1937-43 MARY LUNDIE NÉE HAINES

It is difficult to know where to start, probably at the beginning when I was brought to Fawcett by my parents and introduced to Eva who to me looked like an old lady though she must have been early fifties. Our half term picnic was to Longleat which I so much enjoyed. Eva always found good places to go to. Do you remember black berrying the first Saturday of Autumn 1940 when Miss Jerred became Head? I suppose that Eva was senior Housemistress and thought that Miss Jerred should be entertained and get to know us. I was impressed to find a Head who wore the same kind of clothes as my mother. Teddy E-R went about in such odd garments and yet later I realised that I could talk to her much more easily.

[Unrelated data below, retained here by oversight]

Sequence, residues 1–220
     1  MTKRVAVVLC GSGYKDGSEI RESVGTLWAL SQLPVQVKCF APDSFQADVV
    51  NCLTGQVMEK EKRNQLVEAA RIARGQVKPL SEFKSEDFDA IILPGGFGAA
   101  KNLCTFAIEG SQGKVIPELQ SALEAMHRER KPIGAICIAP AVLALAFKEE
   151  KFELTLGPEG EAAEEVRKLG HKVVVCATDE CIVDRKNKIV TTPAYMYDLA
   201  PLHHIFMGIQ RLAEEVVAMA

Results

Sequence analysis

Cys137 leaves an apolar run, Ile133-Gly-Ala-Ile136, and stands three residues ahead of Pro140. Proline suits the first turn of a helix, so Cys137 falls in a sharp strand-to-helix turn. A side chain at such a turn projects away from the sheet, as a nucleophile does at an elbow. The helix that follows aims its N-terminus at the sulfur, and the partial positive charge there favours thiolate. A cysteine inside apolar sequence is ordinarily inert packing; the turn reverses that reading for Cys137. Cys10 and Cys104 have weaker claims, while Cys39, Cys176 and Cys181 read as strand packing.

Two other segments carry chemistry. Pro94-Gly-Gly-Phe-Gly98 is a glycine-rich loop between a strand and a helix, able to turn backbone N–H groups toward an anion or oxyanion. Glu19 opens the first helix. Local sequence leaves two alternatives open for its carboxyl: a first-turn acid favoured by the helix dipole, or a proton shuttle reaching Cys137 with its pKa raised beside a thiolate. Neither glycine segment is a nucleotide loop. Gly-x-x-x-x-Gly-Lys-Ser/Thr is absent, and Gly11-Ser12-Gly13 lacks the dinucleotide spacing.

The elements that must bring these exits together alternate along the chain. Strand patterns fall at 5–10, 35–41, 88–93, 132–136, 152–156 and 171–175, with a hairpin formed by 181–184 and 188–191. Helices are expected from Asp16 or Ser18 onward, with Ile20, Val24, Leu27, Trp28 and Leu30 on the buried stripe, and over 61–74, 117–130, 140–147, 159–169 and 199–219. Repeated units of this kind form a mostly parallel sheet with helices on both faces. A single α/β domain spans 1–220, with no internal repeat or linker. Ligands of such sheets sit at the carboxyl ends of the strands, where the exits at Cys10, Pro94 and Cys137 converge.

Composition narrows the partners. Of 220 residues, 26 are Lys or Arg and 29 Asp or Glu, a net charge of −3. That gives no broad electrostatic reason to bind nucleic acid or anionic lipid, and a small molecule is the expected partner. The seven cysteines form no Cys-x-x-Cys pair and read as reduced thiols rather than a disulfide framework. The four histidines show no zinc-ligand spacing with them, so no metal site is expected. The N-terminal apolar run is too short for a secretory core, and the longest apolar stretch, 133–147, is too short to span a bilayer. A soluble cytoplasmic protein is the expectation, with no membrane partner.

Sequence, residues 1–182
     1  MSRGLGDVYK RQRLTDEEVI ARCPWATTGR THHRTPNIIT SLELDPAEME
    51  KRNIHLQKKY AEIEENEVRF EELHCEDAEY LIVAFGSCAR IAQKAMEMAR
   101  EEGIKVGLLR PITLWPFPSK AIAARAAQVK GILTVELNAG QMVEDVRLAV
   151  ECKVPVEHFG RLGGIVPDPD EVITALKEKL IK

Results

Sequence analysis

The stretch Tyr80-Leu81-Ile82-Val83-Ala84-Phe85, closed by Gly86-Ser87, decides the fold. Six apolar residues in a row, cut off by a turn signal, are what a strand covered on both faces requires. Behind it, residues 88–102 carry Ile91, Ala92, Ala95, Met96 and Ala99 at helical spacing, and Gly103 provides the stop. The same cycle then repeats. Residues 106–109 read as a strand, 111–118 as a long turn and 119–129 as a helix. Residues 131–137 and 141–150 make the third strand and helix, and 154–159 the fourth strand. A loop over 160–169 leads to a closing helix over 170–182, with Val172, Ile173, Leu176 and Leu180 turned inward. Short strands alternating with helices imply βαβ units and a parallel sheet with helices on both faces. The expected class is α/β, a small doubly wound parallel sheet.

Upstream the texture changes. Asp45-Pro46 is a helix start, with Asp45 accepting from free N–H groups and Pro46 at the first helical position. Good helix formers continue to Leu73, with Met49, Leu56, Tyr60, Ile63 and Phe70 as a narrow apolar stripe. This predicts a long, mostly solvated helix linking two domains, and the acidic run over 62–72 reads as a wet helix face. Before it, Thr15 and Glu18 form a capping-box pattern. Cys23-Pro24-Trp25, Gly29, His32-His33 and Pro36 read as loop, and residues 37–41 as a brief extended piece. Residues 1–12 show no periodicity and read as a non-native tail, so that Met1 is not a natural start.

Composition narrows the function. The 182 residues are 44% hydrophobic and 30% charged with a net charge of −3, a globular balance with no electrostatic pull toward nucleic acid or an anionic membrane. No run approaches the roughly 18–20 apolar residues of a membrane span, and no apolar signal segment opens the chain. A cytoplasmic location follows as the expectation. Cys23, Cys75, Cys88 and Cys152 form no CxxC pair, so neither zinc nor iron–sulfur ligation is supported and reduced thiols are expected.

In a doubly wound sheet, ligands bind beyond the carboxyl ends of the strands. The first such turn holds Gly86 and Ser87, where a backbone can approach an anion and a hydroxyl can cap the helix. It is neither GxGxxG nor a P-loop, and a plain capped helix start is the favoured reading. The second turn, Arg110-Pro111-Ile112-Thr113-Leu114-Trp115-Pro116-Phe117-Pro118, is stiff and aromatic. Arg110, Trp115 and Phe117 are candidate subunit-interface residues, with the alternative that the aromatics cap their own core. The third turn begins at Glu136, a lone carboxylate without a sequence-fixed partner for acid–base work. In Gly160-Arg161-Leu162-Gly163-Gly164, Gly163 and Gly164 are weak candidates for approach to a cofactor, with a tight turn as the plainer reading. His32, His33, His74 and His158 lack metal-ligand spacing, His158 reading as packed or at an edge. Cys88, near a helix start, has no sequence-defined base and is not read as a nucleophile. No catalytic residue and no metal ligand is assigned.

I wonder what happened to our table silver? It was such a pleasure to me and so useful for knowing whose plate was whose for second helpings; especially E. Muriel Box, Lorna K. Box and M. Rothera whose spoon was a different shape. You ask what we were given which enabled us to survive, when I stop to think about it which I don’t very often perhaps it was that we were given examples of work – doing the job in hand – faith – duty, and caring for those less fortunate than ourselves. That sounds “hi falutin” and pi but what we saw Eva doing was just that and doing it well and passing that underlying sense onto us to develop on our own. When one stops to think about it Eva M. was a remarkable woman. She ran the House superbly, servants, kitchen, girls; and also handled all the work of the Bookroom at school. She gardened and even had boxes of plants for our gardens. She produced two Nativity Plays. Ruth and I were shepherds in the first and I remember Monica’s copper curls as the angel. In the second you and Ruth were Rings, and I think Daphne Goddard, who went on to act professionally. She gave excellent House parties. I remember that pre-war firework party when the whole lot went off at once. She was lucky; a rocket could have gone sideways with horrible results. I remember a fancy dress summer party in her last term. I wore Eva’s mother’s wedding dress, a lot of it had torn away but I managed. I never hit it off with Polly Payne. I don’t know why; perhaps because my father had told me that the reasons why we need sleep are unknown, but when in Rose Villa I asked Polly she said something about rest and repair and I felt fobbed off. Do you remember the air vibrations of Dunkirk; we didn’t actually hear guns, just felt the vibrations. The responsibility for thirty girls at that time was awesome, but we were lucky and neither bombed nor invaded, although many poor staff did nightly warden duty. This could go on forever. I must stop, but I kept in touch with Eva until the end.